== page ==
We also know that, increasingly, people are living and dying with multiple illnesses and frailty, which adds complexity to their care needs. The rising number of people with complex illness in the community is a challenge for end of life care. A recent study has shown that palliative care needs are expected to increase by 42% by the year 2040. We need greater integration of specialist palliative care into primary care services, as well as more training in palliative care for general health professionals, to ensure that those with palliative care needs can access services they require.

The projected rise of deaths in care homes and in peoples’ own homes is striking. We must ask care home and community services whether they are equipped to both support such an increase in demand and provide high quality end of life care. How can we provide the workforce needed to care for this growing patient group? To enable people to die in their preferred place in future, we need to ensure adequate bed capacity, resources, and training of staff in palliative and end of life care in all care homes in the country. These projections warn of the urgent need to invest more in care homes and community health services. Without this investment, people are likely to seek help from hospitals, which puts pressure on an already strained system and is not where most people would prefer to be at the end of their lives.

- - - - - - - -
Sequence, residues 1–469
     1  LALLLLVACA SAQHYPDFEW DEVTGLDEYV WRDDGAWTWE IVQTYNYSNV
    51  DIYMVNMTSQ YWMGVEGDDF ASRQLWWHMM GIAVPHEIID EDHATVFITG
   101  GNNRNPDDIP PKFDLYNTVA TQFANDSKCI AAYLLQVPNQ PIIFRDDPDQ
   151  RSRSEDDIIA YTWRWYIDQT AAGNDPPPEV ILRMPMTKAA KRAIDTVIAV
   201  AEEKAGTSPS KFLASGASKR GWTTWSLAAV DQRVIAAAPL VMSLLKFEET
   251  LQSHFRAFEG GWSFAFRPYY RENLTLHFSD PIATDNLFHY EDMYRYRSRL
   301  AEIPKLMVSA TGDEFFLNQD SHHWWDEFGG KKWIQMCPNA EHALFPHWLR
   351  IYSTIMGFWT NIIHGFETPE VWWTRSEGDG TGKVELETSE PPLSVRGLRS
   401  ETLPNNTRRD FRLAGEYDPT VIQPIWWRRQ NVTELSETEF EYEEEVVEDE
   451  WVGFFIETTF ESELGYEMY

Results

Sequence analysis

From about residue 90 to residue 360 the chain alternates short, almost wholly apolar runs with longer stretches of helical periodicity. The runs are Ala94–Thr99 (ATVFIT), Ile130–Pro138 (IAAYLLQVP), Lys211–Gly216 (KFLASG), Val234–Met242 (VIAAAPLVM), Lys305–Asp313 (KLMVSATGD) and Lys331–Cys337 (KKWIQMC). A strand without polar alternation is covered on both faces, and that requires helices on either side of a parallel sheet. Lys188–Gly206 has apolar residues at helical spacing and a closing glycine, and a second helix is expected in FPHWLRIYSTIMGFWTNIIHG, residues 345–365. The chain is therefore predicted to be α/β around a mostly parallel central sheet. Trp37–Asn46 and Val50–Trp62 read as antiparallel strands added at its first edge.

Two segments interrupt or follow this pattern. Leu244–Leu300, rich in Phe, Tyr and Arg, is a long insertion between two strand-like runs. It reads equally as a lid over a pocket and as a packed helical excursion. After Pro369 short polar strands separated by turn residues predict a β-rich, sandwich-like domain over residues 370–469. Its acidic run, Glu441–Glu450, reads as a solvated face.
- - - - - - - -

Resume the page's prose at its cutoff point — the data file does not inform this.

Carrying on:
The time has come to test new approaches to care in order to ensure that we address this growing need of our population in the years to come. There are promising examples of innovations in care to increase the reach of palliative care services in community settings, for example project ECHO, which facilitates knowledge-sharing between specialist palliative care services, such as hospices, and general health care professionals such as those in care homes. In an era of increasing need alongside constrained health and social care budgets, developing and testing innovative ways to provide high quality care with minimal resources is imperative.